“Bonjo, I was afraid you lost your way,” a frail man said as a greeting when the rickshaw stopped in front of the graveyard. He had a face similar to the other one, but his provoked an anticipation that the sturdiness of the features might melt any moment and an angelic smile would be unveiled. He was sharply dressed than the other, hair combed neatly, clean shirt that clung to the body in the perfect amount. The two men hugged each other and mumbled something inconspicuous to Ramu.
The frailer one came forward now and shook Ramu’s hand. “Thank you for your help. Here, a hundred.”
Ramu smiled. “But…”
“Come on in, you must be cold. I have built a fire inside,” said the man as if it was his home, leaving the hundred rupees in Ramu’s hand.
He led them both past graves, to the other side, where beside a shed a small fire was breathing. The three of them sat around it in a circle. Bonjo put two more logs in the fire, trembling in cold.
“The train is in half an hour. You should reach there in the morning.”
Bonjo nodded. “How is she?”
“Good. She misses you.”
Once again to Ramu, it seemed Bonjo’s innocent face would break into a cry, but just that moment, the animation died. The graveyard fell silent, but fire crackled, protesting against the silence, urging to hear something that must be told of the night.
Ramu obeyed a while later. “Oh, but what is the rumour? There seems no one of whom I could ask about it?”
The frail man seemed surprised. “Bonjo? He doesn’t know?”
Bonjo shook his head. “He is an old man. How could I tell him?”
“Tell him what?” Ramu asked.
“The rumour is true. The minister’s son was killed this evening. He is in the hospital now. That is why the minister is furious. He thinks some politician killed him. And the way things look, it might be true.”
The frail man started, “He doesn’t care anymore about the elections. He will block every way out of this town.”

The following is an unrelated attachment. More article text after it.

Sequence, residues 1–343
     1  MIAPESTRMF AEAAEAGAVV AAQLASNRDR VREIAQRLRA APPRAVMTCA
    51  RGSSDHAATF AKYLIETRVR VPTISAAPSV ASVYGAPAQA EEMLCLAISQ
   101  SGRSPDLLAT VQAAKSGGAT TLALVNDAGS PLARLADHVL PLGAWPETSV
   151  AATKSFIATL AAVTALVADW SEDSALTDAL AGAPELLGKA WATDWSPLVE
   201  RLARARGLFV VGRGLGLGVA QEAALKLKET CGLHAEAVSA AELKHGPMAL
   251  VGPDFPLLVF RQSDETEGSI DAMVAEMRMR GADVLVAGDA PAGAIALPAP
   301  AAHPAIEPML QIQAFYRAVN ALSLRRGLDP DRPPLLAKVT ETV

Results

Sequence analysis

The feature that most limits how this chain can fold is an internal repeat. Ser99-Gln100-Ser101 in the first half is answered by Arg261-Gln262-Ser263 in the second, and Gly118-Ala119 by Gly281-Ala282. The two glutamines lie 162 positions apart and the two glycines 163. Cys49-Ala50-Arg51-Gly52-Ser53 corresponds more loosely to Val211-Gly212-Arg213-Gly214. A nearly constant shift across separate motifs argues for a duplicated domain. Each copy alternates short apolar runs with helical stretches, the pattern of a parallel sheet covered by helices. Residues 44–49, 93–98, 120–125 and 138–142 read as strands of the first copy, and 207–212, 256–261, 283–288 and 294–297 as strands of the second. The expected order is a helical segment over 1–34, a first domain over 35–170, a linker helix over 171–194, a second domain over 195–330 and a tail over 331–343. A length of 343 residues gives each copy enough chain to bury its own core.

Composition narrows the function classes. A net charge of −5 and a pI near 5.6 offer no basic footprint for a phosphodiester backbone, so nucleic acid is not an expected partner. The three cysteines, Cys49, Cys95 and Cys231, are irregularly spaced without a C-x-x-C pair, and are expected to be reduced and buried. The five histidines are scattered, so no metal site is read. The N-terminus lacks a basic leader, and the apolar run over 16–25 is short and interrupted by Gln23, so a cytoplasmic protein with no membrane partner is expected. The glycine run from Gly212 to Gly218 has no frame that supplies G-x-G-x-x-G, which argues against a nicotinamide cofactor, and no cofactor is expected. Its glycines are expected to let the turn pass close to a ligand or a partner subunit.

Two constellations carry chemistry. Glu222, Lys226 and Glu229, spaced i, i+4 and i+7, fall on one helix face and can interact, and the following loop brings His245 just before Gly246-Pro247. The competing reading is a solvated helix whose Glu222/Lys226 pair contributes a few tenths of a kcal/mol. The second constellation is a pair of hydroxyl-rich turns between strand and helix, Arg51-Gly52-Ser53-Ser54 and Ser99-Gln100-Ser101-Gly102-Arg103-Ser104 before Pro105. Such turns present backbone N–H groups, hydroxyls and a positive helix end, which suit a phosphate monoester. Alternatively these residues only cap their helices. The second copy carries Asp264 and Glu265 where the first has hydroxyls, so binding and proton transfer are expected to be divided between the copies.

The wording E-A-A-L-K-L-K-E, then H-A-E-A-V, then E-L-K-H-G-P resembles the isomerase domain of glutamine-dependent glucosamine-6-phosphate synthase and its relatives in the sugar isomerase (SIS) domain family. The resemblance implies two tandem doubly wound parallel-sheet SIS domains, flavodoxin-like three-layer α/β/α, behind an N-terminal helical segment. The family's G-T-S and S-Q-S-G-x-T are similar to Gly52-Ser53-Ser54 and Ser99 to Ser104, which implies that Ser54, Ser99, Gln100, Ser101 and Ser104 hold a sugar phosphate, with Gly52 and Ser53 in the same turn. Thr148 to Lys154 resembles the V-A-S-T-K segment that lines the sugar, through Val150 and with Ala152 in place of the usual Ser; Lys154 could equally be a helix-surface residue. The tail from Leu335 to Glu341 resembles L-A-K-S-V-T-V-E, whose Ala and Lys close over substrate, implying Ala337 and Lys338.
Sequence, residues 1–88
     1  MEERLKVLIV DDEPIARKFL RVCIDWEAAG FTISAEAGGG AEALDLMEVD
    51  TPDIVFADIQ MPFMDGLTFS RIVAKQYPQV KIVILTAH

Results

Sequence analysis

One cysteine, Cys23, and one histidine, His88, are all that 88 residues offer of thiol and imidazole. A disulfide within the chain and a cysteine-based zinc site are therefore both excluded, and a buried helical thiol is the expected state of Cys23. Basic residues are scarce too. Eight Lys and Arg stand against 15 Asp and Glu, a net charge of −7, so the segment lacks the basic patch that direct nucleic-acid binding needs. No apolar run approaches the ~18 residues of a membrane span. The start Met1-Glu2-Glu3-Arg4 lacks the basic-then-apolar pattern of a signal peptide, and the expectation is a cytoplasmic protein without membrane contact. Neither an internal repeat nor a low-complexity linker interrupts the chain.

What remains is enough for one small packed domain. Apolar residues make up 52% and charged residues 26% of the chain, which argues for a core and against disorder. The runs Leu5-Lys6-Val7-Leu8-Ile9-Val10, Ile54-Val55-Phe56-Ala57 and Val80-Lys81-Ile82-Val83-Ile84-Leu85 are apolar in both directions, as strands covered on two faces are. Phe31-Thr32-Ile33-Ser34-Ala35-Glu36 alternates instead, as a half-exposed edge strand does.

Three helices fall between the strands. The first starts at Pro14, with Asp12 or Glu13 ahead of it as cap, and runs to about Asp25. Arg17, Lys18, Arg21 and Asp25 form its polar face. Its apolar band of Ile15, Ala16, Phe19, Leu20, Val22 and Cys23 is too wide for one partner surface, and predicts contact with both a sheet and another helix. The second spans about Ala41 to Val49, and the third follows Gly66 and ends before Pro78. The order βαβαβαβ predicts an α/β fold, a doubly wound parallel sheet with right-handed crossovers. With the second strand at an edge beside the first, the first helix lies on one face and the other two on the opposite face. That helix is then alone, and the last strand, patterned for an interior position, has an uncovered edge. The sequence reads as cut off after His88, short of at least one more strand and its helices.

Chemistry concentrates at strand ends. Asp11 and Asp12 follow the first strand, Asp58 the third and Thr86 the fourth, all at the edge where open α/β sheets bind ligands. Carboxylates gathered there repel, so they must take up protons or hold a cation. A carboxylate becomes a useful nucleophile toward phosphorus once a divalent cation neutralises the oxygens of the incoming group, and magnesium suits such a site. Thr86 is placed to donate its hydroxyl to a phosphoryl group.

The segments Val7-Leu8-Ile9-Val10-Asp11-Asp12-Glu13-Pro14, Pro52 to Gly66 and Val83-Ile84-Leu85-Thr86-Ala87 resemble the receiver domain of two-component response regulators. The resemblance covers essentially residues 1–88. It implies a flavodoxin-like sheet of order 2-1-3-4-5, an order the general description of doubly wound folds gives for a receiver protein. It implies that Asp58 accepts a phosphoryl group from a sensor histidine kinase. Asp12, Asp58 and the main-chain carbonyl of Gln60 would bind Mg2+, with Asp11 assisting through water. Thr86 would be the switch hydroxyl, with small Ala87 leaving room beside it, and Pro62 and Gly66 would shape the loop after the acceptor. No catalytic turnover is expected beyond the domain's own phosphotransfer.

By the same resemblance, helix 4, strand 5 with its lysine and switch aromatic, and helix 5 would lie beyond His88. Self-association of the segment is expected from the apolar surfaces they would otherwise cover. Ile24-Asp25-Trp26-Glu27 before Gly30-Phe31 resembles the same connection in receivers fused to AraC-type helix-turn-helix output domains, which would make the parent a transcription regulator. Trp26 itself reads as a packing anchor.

“Ah lord! What about my daughter?”
“We will figure something out, Bonjo. This train is your hope.”
They sat around the fire. The conversation went back and forth between the two men about what should be done. In the distance, they heard angry shouts around the hospital. Something must have come up about the body.
Brutal death, was it? Ramu thought.
A thick flame burst into the sky from the fire, licking the blackness above before settling down. The shouts were getting louder in the distance. A tearing roar from the crowd was heard, followed by an announcement about the death.
The two men looked at each other.
“What time is it?” Bonjo asked.
He nodded, deep in contemplation. “A terrible night to make a journey as important as this. I leave you to enjoy the fire, my friend!” Bonjo said, smiling an eerie smile at him.
The two men got up and hugged each other. “Bonjo, give my love to her.”
Ramu watched them in amusement. They were like brothers.
“I will, I will,” he said.
They mumbled something to each other. Bonjo hugged the man again before turning away. The fog wasn’t dense near the shed anymore, Ramu noticed. A flame of red burst high into the blackness, casting a shadow of Bonjo, a figure that didn’t seem so innocent anymore. It followed him out of the graveyard, till the two mingled into the night.